Coachella and Lollapalooza festivals have both listed the selfie stick devices as “prohibited items”
music
Sport
Nigel Owens was targeted on Twitter because of his sexuality during the Six Nations finale between England and France earlier this month
rugbyReferee Nigel Owens on coming out, and homophobic Twitter abuse
  • Get to the point
Latest stories from i100
Have you tried new the Independent Digital Edition apps?
Independent Dating
and  

By clicking 'Search' you
are agreeing to our
Terms of Use.

iJobs Job Widget
iJobs Media

Ashdown Group: Trainee Consultant - Surrey / South West London

£22000 per annum + pension,bonus,career progression: Ashdown Group: An establi...

Ashdown Group: Trainee Consultant - Surrey/ South West London

£22000 per annum + pension,bonus,career progression: Ashdown Group: An establi...

Recruitment Genius: Advertisement Sales Manager

£21000 - £25000 per annum: Recruitment Genius: A publishing company based in F...

Guru Careers: Product Design Engineer / UX Designer

£20 - 35k: Guru Careers: We are seeking a tech savvy Product Design Engineer /...

Day In a Page

No postcode? No vote

Floating voters

How living on a houseboat meant I didn't officially 'exist'
Louis Theroux's affable Englishman routine begins to wear thin

By Reason of Insanity

Louis Theroux's affable Englishman routine begins to wear thin
Power dressing is back – but no shoulderpads!

Power dressing is back

But banish all thoughts of Eighties shoulderpads
Spanish stone-age cave paintings 'under threat' after being re-opened to the public

Spanish stone-age cave paintings in Altamira 'under threat'

Caves were re-opened to the public
'I was the bookies’ favourite to be first to leave the Cabinet'

Vince Cable interview

'I was the bookies’ favourite to be first to leave the Cabinet'
Election 2015: How many of the Government's coalition agreement promises have been kept?

Promises, promises

But how many coalition agreement pledges have been kept?
The Gaza fisherman who built his own reef - and was shot dead there by an Israeli gunboat

The death of a Gaza fisherman

He built his own reef, and was fatally shot there by an Israeli gunboat
Saudi Arabia's airstrikes in Yemen are fuelling the Gulf's fire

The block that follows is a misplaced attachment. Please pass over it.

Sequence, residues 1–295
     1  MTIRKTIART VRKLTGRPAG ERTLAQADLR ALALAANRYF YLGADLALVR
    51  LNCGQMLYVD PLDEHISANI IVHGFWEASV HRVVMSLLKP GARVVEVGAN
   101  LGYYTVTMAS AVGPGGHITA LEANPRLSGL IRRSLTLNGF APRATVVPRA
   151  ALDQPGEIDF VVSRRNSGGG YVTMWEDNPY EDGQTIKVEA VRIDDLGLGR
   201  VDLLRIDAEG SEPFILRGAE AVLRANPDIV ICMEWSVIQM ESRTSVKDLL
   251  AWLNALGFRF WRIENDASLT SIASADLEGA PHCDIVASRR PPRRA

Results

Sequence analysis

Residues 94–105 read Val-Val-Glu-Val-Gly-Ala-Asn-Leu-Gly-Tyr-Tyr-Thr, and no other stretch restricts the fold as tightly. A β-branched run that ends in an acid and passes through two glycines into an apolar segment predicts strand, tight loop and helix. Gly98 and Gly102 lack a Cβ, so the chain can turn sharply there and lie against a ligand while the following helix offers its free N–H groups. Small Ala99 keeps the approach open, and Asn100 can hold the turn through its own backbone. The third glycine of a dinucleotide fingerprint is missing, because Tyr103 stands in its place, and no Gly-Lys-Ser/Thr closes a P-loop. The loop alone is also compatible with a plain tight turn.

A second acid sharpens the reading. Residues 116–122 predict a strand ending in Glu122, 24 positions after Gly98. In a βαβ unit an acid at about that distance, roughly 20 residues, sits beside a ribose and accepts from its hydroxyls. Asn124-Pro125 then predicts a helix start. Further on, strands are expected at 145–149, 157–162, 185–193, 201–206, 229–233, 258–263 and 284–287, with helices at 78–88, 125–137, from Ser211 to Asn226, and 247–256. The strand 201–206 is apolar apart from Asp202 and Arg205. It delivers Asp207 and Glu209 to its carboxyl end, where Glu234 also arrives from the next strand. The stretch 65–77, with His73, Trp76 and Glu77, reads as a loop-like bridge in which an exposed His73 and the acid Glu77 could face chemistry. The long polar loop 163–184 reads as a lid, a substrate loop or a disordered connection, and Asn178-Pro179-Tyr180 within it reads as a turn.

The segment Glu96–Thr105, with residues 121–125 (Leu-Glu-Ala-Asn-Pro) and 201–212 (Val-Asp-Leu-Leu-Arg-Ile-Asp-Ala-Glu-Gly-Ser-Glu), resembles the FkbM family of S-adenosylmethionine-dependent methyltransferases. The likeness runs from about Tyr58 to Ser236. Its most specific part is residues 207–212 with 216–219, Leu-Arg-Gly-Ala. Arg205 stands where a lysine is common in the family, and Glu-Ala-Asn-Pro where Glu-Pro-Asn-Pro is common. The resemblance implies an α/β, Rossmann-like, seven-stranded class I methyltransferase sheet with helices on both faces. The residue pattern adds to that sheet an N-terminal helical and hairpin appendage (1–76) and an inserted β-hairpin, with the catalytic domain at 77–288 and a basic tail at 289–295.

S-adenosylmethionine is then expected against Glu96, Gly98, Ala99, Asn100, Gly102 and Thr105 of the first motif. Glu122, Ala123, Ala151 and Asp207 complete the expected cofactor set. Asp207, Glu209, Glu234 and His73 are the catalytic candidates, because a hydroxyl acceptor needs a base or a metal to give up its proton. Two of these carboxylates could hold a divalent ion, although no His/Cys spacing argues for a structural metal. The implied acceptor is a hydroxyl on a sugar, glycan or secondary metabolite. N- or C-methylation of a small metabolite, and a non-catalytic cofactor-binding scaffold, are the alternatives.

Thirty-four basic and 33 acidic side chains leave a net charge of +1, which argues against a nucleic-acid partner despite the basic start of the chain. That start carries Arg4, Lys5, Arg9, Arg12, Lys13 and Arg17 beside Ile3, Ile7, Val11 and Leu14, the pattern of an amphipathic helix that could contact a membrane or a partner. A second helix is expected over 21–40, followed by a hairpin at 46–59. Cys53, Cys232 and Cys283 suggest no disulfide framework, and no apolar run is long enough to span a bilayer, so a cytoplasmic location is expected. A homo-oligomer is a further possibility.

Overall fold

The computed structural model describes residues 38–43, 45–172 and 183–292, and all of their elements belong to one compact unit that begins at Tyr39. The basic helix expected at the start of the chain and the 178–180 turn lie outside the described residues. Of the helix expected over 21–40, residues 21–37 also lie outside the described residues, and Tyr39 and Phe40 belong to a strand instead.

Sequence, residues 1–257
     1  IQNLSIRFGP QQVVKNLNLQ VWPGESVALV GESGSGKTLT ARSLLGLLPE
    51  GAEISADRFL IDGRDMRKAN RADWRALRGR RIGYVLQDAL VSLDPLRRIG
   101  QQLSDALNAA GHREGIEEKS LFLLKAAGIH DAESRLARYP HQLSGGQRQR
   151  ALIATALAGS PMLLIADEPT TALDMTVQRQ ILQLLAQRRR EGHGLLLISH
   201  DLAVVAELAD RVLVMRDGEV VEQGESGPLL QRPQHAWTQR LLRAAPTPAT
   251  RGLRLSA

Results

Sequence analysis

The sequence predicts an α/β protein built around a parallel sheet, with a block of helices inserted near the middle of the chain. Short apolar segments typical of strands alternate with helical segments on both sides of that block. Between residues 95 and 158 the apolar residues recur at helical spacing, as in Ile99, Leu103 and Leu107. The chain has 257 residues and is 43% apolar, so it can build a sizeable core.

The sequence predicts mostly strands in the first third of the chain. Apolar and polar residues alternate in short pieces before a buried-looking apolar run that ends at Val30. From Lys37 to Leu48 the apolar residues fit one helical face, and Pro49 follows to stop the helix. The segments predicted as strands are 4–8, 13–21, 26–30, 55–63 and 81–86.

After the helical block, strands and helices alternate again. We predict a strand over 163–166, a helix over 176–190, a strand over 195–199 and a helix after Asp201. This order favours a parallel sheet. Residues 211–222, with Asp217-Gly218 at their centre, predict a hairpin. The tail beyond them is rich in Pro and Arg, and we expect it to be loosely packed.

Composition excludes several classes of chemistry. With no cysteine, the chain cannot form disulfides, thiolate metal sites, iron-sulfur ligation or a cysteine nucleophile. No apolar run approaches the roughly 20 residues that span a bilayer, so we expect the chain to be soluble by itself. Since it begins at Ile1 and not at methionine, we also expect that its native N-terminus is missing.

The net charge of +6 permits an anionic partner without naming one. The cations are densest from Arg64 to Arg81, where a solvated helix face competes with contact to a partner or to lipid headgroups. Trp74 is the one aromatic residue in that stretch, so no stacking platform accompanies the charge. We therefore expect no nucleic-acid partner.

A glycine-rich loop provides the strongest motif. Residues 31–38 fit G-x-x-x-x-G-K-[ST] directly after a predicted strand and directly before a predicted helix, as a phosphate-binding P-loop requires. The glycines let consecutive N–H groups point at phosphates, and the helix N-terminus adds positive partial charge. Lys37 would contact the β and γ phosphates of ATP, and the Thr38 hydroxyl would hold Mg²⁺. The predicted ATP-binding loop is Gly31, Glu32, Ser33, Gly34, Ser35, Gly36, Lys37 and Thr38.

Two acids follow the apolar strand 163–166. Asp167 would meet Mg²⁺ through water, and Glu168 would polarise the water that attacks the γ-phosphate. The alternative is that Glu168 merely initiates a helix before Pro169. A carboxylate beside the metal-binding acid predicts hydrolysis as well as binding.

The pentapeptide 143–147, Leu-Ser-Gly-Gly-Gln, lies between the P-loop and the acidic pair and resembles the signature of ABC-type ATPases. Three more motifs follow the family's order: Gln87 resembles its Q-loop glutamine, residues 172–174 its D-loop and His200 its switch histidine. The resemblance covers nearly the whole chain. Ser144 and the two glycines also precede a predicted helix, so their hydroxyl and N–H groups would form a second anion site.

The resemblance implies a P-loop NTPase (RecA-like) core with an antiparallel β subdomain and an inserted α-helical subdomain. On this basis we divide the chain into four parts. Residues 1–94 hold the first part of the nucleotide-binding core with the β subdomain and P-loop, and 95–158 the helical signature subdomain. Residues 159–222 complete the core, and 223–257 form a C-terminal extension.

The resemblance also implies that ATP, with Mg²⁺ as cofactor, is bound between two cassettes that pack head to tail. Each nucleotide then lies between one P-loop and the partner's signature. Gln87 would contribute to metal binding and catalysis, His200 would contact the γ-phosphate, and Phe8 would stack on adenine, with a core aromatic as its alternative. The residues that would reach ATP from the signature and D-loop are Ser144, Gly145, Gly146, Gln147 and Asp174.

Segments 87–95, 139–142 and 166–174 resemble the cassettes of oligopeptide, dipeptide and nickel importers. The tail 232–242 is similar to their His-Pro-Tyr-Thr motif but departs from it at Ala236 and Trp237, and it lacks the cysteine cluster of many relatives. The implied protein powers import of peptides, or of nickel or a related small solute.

Saudi airstrikes are fuelling the Gulf's fire

Arab intervention in Yemen risks entrenching Sunni-Shia divide and handing a victory to Isis, says Patrick Cockburn
Zayn Malik's departure from One Direction shows the perils of fame in the age of social media

The only direction Zayn could go

We wince at the anguish of One Direction's fans, but Malik's departure shows the perils of fame in the age of social media
Young Magician of the Year 2015: Meet the schoolgirl from Newcastle who has her heart set on being the competition's first female winner

Spells like teen spirit

A 16-year-old from Newcastle has set her heart on being the first female to win Young Magician of the Year. Jonathan Owen meets her
Jonathan Anderson: If fashion is a cycle, this young man knows just how to ride it

If fashion is a cycle, this young man knows just how to ride it

British designer Jonathan Anderson is putting his stamp on venerable house Loewe
Number plates scheme could provide a licence to offend in the land of the free

Licence to offend in the land of the free

Cash-strapped states have hit on a way of making money out of drivers that may be in collision with the First Amendment, says Rupert Cornwell
From farm to fork: Meet the Cornish fishermen, vegetable-growers and butchers causing a stir in London's top restaurants

From farm to fork in Cornwall

One man is bringing together Cornwall's most accomplished growers, fishermen and butchers with London's best chefs to put the finest, freshest produce on the plates of some of the country’s best restaurants
Robert Parker interview: The world's top wine critic on tasting 10,000 bottles a year, absurd drinking notes and New World wannabes

Robert Parker interview

The world's top wine critic on tasting 10,000 bottles a year, absurd drinking notes and New World wannabes
Don't believe the stereotype - or should you?

Don't believe the stereotype - or should you?

We exaggerate regional traits and turn them into jokes - and those on the receiving end are in on it too, says DJ Taylor